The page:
Old Man Mikula’s Controversial Opinions: How to properly summer in Edmonton

After a record-breaking winter rife with alarmist terms like “polar vortex” and “cold like a witch’s hand clasping the base of your spine” it’s time to reap the benefits of climate change and enjoy the unrelenting punishment of 17 hours of sunlight. Give any Edmontonian half a chance and we will clutch both your shoulders with an iron grip and start foaming at the mouth, insisting that Edmonton is the best place to be in the summertime. Whether you’re new to the city, or could use a refresher, here is a smattering of possibilities for the hot hazy days that are to follow.

Getting started

To make the most of your day, make sure you dress for the weather. Start by cutting all your jeans into shorts. Depending on length these are known as japris, jorts, or short jorts. If you don’t cut any off they are simply known as jants. To be on the cutting edge of fashion, make sure your shorn jorts are short enough so that the bottom of your ass cheeks poke out. The symmetrical yellowish sweat stain you leave on your seat will ensure nobody ever steals your spot at a patio, bus stop, or church.

Begin by heading to any number of the artisanal coffee houses that dot pedestrian thoroughfares to get that much-needed caffeine jolt. Edmonton’s burgeoning bean scene has more than hit its stride, so head to Transcend, Credo, or local favourite Sept/Onze to get your fix. No need to waste time, the coffee is served in convenient paper cups so you can grab and go. Once you finish, or if its temperature has erred ever so slightly from 198 degrees Fahrenheit, all you need to do is conveniently huck it into the garbage. Later, under the shame-obscuring mist of early morn, the cup will conveniently get picked up by a truck and conveniently driven 80 kilometres out of town where it will conveniently be buried in a giant hole.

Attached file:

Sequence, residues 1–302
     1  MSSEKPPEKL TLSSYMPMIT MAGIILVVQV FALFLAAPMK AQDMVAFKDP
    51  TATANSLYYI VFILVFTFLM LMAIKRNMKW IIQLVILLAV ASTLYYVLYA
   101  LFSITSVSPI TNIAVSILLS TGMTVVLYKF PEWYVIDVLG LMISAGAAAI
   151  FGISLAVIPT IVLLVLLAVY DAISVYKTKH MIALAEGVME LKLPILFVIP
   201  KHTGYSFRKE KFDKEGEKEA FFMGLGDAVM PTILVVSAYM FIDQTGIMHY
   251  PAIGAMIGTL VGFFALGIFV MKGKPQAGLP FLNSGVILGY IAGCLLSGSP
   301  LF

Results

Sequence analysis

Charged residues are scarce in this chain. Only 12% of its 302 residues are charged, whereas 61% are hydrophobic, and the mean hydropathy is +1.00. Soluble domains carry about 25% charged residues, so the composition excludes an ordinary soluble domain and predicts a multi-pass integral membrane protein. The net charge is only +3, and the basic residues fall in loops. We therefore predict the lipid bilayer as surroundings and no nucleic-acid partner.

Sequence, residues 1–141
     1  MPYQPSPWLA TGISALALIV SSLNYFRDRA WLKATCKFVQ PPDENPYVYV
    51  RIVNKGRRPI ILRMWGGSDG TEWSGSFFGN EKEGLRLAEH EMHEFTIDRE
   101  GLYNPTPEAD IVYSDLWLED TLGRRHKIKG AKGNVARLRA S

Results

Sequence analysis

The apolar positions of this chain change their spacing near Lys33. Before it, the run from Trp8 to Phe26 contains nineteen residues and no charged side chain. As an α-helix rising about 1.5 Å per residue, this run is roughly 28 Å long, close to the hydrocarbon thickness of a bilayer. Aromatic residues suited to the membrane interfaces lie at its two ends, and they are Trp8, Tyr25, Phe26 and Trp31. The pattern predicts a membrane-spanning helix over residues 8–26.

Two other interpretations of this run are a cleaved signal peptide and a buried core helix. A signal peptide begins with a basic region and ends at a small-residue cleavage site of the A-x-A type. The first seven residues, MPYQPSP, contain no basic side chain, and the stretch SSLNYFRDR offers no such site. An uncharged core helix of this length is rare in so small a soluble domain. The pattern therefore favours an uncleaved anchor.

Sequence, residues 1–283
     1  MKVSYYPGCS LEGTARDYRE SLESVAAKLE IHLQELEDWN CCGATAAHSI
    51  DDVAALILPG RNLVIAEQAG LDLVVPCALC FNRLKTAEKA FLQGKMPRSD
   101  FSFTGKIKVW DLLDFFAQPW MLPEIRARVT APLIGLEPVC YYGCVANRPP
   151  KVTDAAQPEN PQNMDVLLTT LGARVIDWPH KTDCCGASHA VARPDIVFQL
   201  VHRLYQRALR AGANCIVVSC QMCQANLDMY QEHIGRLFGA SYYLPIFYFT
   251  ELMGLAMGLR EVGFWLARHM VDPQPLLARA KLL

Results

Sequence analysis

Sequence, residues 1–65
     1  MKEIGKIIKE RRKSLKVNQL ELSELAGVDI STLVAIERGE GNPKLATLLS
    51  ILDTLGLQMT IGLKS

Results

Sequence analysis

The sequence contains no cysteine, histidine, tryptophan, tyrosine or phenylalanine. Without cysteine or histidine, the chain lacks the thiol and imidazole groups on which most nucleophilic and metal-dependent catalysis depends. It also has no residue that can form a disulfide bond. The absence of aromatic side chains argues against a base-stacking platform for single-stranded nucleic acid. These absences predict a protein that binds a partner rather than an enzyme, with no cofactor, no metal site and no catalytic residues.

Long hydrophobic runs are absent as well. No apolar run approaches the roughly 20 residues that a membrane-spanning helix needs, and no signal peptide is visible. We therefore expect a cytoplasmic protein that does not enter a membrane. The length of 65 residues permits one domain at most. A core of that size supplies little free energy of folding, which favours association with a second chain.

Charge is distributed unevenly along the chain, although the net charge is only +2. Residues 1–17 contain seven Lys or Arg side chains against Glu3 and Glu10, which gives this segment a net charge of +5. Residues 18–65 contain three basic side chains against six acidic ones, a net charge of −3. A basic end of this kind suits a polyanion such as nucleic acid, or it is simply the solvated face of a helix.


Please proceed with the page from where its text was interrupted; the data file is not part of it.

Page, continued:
Now that you’re suitably wired you can enjoy an afternoon in Alberta’s second most populous city.

The River Valley

Nature nuts will find their fix in the Edmonton River Valley. It is the longest stretch of urban parkland in North America, boasting over seventy trillion kilometres of trails and a few different types of tree in its 18,000 acres. To put that in perspective, it is roughly 22 times the size of Central Park, and 1/180th of the area burned by wildfires in British Columbia last year alone. Plus, it has a beach!

It’s true. Much like “unfriendly,” — or, at the barest minimum, not an accommodating place for neo-Nazis — “beach” is not a term generally paired with Edmonton. But lo and behold, located in the River Valley, Accidental Beach is a longish mound of construction debris that resembles a beach in the same way the Oilers resemble a hockey team. It’s not much, but we’ll take it. And don’t worry about that beach bod, your waterborne-fecal-matter-induced diarrhea will keep you supermodel thin.

Food and drink